If your dog has it, you may be making huge handling mistakes

Smart. Sensitive. Insecure. Three little words that, when put together, can make or break the quality of life you have with your dog.

Do these words describe your dog or one you know? Then please, please read and share.

There are many common mistakes POGs make with their precious pups, but I would argue these three words cause them to make some of the biggest and most damaging ones.

I have seen dogs returned, rehomed, punished relentlessly and destroyed because of these three words. I have seen dogs make horrific mistakes because of these three words.

I desperately hope POGs will take this message deep into their hearts and take a hard look at how they are relating to their dogs so not one more tragedy happens.

Why this is important

Since the beginning of my career, I have been fascinated by behavior and have concentrated on solving tough behavior problems.

Any experienced trainer worth his/her salt is very cognizant of how important it is to notice patterns while working with the hundreds of dogs s/he sees. Studies/Research can only get you so far; at a certain point, you have to add data you’ve collected through your own experiences to flesh out your abilities.

The Troublesome Temperament Trio is one big pattern I’ve identified that contributes mightily to behavior problems, big and small.

I realized that virtually all the dogs with the worst problems were really sharp brainwise, that is they quickly processed all the information they got — no matter the quality of the information.

Also, I realized that they were taking in a lot of information because they were also very sensitive. So they were noticing everything about the situation they were in. Everything. Every. Little. Detail. And quickly processing it, and trying to make sense of it so they could solve their problem, whatever it might be.

Now, those two qualities, smart and sensitive, can be a great combination — say you have a border collie herding sheep, or a search-and-rescue dog, or an agility champ, or a service/assistance dog. Smart dogs can be challenging to train, but the rewards for both dogs and humans can be tremendous.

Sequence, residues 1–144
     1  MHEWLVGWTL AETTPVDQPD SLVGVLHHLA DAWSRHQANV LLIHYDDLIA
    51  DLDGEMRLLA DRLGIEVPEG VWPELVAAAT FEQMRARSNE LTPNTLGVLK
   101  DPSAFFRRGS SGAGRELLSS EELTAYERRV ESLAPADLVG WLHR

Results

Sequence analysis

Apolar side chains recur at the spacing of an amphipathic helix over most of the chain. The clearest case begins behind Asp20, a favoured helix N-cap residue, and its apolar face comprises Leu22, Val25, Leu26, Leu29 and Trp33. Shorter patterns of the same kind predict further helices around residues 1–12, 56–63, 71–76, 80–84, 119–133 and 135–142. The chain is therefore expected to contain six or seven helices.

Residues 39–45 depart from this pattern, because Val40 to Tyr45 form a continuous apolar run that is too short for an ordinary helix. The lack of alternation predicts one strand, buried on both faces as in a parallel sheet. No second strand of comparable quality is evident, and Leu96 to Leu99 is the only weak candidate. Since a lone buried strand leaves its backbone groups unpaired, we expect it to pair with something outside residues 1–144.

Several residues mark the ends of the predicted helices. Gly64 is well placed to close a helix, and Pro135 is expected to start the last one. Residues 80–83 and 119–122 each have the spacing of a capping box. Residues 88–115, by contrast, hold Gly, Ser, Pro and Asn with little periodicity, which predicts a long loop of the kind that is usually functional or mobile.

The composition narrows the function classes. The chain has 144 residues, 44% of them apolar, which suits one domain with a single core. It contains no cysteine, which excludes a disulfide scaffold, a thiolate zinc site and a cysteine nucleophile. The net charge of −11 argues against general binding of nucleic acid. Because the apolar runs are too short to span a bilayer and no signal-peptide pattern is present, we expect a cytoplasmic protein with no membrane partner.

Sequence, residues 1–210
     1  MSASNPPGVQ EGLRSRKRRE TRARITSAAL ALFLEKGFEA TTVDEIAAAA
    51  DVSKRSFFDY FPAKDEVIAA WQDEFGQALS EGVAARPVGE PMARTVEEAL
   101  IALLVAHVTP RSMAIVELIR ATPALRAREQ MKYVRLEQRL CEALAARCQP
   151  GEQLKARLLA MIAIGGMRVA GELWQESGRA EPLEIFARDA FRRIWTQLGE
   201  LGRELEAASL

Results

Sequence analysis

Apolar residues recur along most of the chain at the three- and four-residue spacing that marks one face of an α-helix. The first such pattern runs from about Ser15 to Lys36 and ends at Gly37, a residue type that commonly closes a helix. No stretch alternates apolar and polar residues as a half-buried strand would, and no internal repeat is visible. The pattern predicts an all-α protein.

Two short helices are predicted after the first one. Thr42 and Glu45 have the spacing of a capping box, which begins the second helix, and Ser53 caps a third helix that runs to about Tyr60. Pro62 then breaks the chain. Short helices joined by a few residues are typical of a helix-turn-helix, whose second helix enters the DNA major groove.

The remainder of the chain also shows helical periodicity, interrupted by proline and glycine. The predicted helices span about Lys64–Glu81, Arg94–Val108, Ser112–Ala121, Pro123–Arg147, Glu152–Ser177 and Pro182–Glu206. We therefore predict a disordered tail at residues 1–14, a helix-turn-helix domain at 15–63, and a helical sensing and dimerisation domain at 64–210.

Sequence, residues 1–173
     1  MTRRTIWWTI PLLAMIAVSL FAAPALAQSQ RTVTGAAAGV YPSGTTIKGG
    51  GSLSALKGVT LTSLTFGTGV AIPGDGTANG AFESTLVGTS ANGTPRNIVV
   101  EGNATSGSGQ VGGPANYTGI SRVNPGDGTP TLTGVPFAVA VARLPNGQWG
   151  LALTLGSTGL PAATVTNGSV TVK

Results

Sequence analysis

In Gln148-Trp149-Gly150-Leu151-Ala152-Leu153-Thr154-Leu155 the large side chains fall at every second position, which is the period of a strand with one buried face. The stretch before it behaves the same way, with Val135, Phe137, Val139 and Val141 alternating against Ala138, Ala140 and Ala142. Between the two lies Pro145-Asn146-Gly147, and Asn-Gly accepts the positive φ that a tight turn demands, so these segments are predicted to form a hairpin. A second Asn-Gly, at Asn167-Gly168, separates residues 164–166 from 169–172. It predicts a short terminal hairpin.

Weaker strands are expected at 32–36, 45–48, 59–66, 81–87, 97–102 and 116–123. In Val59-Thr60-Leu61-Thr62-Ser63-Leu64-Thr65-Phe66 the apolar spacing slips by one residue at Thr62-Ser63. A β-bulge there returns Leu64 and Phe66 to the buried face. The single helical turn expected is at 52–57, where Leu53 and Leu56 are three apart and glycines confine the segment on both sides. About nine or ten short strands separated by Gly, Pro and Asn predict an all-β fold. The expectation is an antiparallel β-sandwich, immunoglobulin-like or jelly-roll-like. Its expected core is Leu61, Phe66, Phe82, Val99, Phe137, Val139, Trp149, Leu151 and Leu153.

However, dogs with those two qualities can also turn into disasters if misunderstood/mishandled. Not just problems, but unsafe, unpredictable timebombs with hair-trigger detonators.

The main determinant of the outcome, in my experience, is the final word in the trio: insecurity.

The smart, sensitive dog that is confident (secure), when faced with a confusing situation (Hey all that information that just blew through my processor doesn’t make sense), will work to figure it out, look for more information/guidance to figure it out, and will generally hold himself together while doing so.

But the smart, sensitive dog that is unsure/nervous/anxious/fearful (insecure) will be quickly overwhelmed by the situation, his anxiety level rising to the point where he can’t process any more information, resulting in all manner of unacceptable results like unresponsiveness, frustration barking, snapping, biting, destruction, running away and more.

Compounding this bad reaction is the human, who doesn’t realize what’s going on and, thinking the dog is “misbehaving,” turns to corrections or other inappropriate reactions that only serve to make the dog more anxious, which escalates the unacceptable behavior, which increases the bad reactions, which makes the dog more anxious, and — well, you get the idea. Simply put, it ain’t gonna end well.

How to go from ‘insecure’ to ‘secure’

The first step is changing our attitude toward the dog suffering from TTT. We have to get rid of our anger/frustration as well as our commitment to correction, neither of which will help us reach a solution. Learning to treat our dogs like friends who need help rather than a “bad” dog will create the trusting bond needed to create the long-term fix.

That fix is contained in this additional, extremely important word: socialization.

Allow me to define it so the connection is clear.

Socialization is PROPER exposure to all types of environments so dogs know what each is and what to do with it, so they are not afraid of it.

It means giving the dog all the information he needs so he doesn’t have to figure it out on his own. When he knows what to do in any given situation, his confidence rises.

If you don’t provide this information, your dog will eventually figure it out himself, but not always in the way you approve of. He may find, for example, that barking incessantly at people who make him nervous gets them to go away. Or he may find that snapping works.

He may find the best way to get your attention is to take something of yours and run off with it. Or jumping on you, maybe grabbing your arm or clothes.

If you yell at him or smack him for things like that, you erode his trust, making him more nervous about his situation. Which leads to a more inappropriate behavior the next time the same or a similar situation arises.

Security is important to good mental health for people. Is it any wonder that it is also important to our dogs?

If you have a dog with TTT, start working on her confidence today!

How? Click here for an excellent article from Partnership for Animal Welfare: http://www.paw-rescue.org/PAW/PETTIPS/DogTip_Shy.php

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